My Facebook status: Revisit health care
Jan. 28, 2010
By Steve Mount
Facebook, in case you’ve been living under a rock the past year or two, is a great Internet service for keeping in touch with friends and family.
According to Facebook, I have 173 friends. Most of the time, our interactions are simple. I post a status to say what’s new in my life and my Facebook friends do the same. Every so often, I or they are moved to comment on those status updates in one way or another.
Status updates are generally of the “Wow, that movie was awful!” or “The recipe we cooked tonight was wonderful!” type. The kind of stuff that comedians like to poke fun at.
Last week, though, I was moved to post this (in the ubiquitous Facebook third-person):
“Steve is lamenting the loss in Massachusetts, but is thinking it needn’t be the end of health care reform. It could just be the end to all the unseemly deals needed to get this far.”
The update was, of course, about the loss in Massachusetts of Democrat Martha Coakley to Republican Scott Brown for a permanent replacement for Ted Kennedy’s seat in the U.S. Senate. The win was a surprise not only because Massachusetts has only 13 percent registered Republicans, but because just three weeks ago, Coakley was still leading in the polls. Brown’s win was primarily due to his ability to sway the Massachusetts independent bloc, blowing pundit predictions out of the water.
The win means an end to the supposedly filibuster-proof 60-40 majority the Democrats gained once Minnesota’s Al Franken finally took office back in July.
My Facebook status post brought comments from one of my liberal friends and several of my conservative friends, stirring a mini-debate.
Political debates on the Internet are nothing new, but often the debates take place behind the veil of some degree of anonymity. This debate, though, was not with anonymous avatars, with people I’d never met and never would. This debate was with friends, family and co-workers. That meant that vitriol was at a minimum, and thoughtfulness and reflection were at a maximum.
Most of the posts agreed in particular with my final point — that the Senate bill is a perfect example of what’s wrong with the legislative process. My conservative friends said that the abomination was because Republicans had been left out of the process. I replied that they seemed to forget all the committee hearings where the Republicans had more than ample time to give their input.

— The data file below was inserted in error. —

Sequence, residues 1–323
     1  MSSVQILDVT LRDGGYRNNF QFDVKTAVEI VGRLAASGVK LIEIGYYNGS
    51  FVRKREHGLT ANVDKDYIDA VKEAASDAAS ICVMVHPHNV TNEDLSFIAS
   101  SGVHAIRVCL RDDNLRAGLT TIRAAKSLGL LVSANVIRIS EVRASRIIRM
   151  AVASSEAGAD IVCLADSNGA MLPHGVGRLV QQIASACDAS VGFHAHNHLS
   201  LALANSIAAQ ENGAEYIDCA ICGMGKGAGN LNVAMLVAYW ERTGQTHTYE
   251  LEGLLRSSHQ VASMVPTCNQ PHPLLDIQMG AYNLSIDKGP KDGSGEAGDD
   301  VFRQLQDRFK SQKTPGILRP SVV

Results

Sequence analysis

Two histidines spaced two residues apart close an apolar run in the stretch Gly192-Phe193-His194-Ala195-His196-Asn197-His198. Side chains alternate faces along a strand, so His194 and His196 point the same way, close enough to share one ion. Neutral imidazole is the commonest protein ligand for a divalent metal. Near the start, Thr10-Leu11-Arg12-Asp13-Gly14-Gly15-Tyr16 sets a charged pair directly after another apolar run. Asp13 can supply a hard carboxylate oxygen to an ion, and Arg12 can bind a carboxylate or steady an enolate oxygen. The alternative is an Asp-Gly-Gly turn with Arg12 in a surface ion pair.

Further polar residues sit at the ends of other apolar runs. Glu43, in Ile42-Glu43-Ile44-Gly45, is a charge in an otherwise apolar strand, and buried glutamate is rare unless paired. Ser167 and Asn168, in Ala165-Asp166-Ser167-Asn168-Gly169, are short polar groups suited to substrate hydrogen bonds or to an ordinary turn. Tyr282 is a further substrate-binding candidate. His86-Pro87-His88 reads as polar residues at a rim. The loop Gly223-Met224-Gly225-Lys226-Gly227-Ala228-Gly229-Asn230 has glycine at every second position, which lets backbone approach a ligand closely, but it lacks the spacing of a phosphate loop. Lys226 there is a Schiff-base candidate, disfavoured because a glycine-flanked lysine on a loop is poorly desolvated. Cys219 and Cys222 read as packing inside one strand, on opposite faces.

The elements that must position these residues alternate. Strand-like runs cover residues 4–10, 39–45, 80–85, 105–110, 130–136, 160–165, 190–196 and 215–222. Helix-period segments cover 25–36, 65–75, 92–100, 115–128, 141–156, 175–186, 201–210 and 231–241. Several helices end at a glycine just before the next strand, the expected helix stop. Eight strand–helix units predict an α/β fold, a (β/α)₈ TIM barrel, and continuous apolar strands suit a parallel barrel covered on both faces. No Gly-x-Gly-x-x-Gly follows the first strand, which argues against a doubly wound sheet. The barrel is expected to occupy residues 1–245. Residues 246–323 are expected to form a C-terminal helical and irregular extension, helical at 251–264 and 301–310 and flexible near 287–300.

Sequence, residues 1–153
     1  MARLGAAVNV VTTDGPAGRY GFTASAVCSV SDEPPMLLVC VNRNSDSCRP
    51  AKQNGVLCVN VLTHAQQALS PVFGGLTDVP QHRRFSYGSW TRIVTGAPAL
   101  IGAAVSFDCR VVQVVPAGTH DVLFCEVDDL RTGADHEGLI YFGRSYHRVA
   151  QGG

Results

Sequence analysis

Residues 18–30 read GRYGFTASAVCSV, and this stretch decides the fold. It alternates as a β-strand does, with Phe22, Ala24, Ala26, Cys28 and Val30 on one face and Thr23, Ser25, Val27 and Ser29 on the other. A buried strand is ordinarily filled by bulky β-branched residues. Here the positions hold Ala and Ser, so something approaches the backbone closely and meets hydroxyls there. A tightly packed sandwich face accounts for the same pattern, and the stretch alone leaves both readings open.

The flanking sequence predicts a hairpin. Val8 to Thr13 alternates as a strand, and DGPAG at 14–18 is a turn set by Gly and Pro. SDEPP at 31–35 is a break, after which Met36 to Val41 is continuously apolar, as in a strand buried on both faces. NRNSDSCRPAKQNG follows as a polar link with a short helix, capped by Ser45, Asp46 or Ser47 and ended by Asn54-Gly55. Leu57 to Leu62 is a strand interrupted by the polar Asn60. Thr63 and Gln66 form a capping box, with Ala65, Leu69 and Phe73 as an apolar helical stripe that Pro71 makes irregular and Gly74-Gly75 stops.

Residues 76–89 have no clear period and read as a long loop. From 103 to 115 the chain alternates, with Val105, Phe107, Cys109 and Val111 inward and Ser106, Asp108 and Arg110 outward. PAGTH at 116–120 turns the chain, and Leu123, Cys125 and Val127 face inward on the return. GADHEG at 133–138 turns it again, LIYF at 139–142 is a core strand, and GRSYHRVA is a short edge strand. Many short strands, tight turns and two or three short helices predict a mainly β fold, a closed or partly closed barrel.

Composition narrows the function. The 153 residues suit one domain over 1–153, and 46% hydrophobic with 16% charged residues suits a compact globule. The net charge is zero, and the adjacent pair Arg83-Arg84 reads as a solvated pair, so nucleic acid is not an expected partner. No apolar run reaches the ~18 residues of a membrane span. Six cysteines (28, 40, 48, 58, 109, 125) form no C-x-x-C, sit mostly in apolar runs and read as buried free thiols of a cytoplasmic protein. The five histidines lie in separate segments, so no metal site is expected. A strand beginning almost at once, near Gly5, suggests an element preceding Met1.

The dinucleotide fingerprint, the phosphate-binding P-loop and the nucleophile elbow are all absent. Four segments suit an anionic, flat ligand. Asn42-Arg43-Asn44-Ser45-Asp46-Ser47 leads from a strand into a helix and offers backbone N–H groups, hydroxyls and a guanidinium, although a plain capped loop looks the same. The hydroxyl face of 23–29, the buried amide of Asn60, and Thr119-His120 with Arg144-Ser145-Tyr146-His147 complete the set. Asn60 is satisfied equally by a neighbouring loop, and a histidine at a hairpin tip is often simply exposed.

What was really responsible for the ugliness of the Senate bill, I noted, was how the Democratic leadership allowed the bill to be held hostage by other Democrats. Mindful of the razor-thin majority, a few Democrats were able to demand some pretty sweet deals for their states, deals the rest of us would be paying for. The most egregious example: Nebraska’s Ben Nelson was able to guarantee that his state’s Medicaid bill would be paid for by the federal government in perpetuity.
Thus far, I’ve supported passage of either the House or Senate version of the bill, despite these types of deals, so that we can get something out there, something that will stop insurance company abuses and save lives.
But given this change in the Senate, perhaps it is time to take a step back and have a fresh look at the problem. The debates have already been held, the discussion has already been had. We know those parts of the bills that have some Republican support. Let’s pass those parts now. These include the complete elimination of pre-existing conditions and of retroactive policy denial, and a cap on insurance company profit-taking.
Then, using the momentum of change from these reforms and the goodwill they will create between the Congress and the people, we can continue to pound away at the health care problem, working toward a public option with teeth, rather than the limp impersonation that the current bills contain.
This sort of strategy should help both parties. The Republicans can tout their support for some reforms and hope the public forgets all the stalling tactics and the spreading of misinformation that started last summer. The Democrats can show some movement on an issue that the majority of the public wants fixed, giving them something to hang their hats on as election season nears.
Win-win for the parties; but more importantly, a win for the people. Something worth posting a Facebook status update about.
Steve Mount has been a Williston resident since 1996. He is a software engineer at GE Healthcare and is devoted to his family, his country and his Constitution. You can reach Steve at firstname.lastname@example.org or read his blog at http://saltyrain.com/ls.